Australia is fascinating, diverse—and big. To bring Down Under into some perspective, we sorted a few fast facts on the destinations you can visit throughout the country.
destinationsAround Australia: Fast Facts from Down Under
Sydney and the surrounding area is home to about 4.6 million people, almost 20 percent of Australia’s population. One of the most famous buildings in the world was almost lost in a pile of trash. Danish architect Jørn Utzon’s iconic design for the Sydney Opera House is said to have been rescued from a stash of discarded submissions. The Sydney Harbour Bridge—locals call it the “Coat hanger”—opened in 1932. The top of the arch rises nearly 440 feet above the surface of the water.
European settlers arrived in the 1830s, but the city wasn’t selected as the nation’s capital until 1908, beating out Sydney and Melbourne, the continent’s two largest cities, which were also competing for the honor. Canberra was designed by Walter Burley Griffin, a Chicago architect who studied with Frank Lloyd Wright. He won an international competition based on his plan and the renderings of his wife, the architect Marion Lucy Mahony Griffin.
The Australian pantry staple Vegemite was invented here. It’s still produced from brewer’s yeast extract at the original factory in Fishermans Bend near Port Melbourne. The Story of the Kelly Gang, a movie made in Melbourne in 1906, clocked in at just over an hour and is recognized as the world’s first feature film. It was made just 25 years after the notorious outlaw Ned Kelly was hanged at the Old Melbourne Gaol.
Separated from Tasmania by a narrow spit of land surrounded by shark-infested waters, the prison at Port Arthur was touted as “inescapable.” This didn’t deter bushranger Martin Cash and his two friends who swam to freedom—and fame—in 1842.
South Australia is the winemaking region of Australia, producing about 50 percent of Australian wines and 65 percent of national wine exports. Adelaide is home to the world’s largest display of Aboriginal culture and artifacts in the South Australian Museum.
Australia’s third largest island after Tasmania and Melville Island, KI (as the locals call it) was separated from mainland Australia by a rise in sea level about 9,000 years ago. The kangaroos here are slightly different from the mainland ones. They have longer fur and are darker in color. The marsupials on Kangaroo Island still outnumber the human population.
Uluru (Ayers Rock)
Uluru is naturally gray, but the iron content of the rock rusts at the surface, resulting in its distinctive red coating. In 2009, the newest viewing platform was constructed to allow visitors to admire the southeastern view of Uluru while not crossing any ritual songlines or revealing any sacred sites on the holy rock.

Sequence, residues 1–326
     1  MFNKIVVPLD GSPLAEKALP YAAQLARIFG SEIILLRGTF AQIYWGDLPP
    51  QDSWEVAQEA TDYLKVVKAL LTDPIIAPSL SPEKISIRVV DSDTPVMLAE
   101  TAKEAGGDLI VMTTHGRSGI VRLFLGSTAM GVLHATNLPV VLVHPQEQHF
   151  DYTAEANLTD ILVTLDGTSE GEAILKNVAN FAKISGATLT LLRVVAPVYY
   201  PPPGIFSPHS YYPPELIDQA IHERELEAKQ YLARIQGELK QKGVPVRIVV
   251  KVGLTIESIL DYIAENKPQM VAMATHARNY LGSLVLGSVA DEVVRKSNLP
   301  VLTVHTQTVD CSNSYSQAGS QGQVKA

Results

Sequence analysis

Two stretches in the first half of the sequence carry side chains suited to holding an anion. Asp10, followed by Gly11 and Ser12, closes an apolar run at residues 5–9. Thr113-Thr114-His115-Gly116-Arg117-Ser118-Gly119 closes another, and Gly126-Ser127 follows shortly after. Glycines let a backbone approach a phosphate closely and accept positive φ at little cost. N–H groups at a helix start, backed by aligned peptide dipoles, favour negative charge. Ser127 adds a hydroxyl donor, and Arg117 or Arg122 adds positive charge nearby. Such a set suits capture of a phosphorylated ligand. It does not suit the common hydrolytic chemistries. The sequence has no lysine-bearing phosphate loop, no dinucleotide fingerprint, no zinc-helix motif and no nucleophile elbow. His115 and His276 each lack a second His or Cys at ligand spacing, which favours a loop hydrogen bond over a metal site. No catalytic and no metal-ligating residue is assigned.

The Kalgoorlie/Goldfields region is the largest gold-producing area in Australia. The largest mine is called the Super Pit. It’s about two miles long, a mile wide and more than a quarter-mile deep. After Paddy Hannan discovered gold near Kalgoorlie in 1893, thousands of hopeful prospectors descended upon the growing town. At one point during the rush, the price of water was higher than the price of gold.
Ningaloo Reef is one of the world’s largest fringing reefs (a reef that grows directly from the shoreline), so all you need is a snorkel and a mask to experience some of the planet’s prettiest underwater scenery. The reef is home to more than 500 species of fish and over 200 varieties of coral as well as marine turtles and manta rays.
Originally founded as a pearling port in the 1870s, Broome was soon known as “the pearling capital of the world.” Aboriginal, Japanese and Chinese divers worked long, dangerous hours to harvest oysters from the seabed. When the tide is low at Gantheaume Point, you can see dinosaur footprints from 130 million years ago.
Darwin’s harbor welcomed its first European visitor in 1839. John Lort Stokes arrived aboard the Beagle and named it Port Darwin for his former shipmate, Charles Darwin. Kakadu is home to one of the world’s highest concentrations of Aboriginal rock art, including handmade prints of animals, hunters and Dreamtime figures.
Daintree is the largest tropical rain forest in Australia and also the world’s oldest at an estimated 140 million years old. Classified as a UNESCO World Heritage site, the Great Barrier Reef stretches more than 1,400 miles. It includes over 3,000 coral reefs, approximately 900 islands and cays (low-lying sandy islands), and is home to more than 1,500 species of fish and 130 species of sharks and rays.